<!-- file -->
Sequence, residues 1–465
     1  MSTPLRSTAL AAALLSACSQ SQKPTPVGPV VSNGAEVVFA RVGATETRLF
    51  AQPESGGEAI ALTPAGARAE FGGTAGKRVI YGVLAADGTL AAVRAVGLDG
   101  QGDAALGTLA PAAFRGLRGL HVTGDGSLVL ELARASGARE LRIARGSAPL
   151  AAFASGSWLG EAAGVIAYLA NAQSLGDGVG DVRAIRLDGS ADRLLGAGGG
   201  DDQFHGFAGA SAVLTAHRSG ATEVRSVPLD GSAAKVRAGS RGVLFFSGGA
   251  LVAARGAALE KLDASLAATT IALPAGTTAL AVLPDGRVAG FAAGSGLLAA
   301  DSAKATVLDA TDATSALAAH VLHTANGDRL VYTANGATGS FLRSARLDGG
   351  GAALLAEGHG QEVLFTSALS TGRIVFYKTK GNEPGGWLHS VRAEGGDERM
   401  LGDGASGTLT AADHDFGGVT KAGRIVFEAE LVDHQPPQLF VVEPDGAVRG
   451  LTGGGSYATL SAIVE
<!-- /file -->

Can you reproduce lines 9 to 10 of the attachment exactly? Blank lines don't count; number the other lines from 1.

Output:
   351  GAALLAEGHG QEVLFTSALS TGRIVFYKTK GNEPGGWLHS VRAEGGDERM
   401  LGDGASGTLT AADHDFGGVT KAGRIVFEAE LVDHQPPQLF VVEPDGAVRG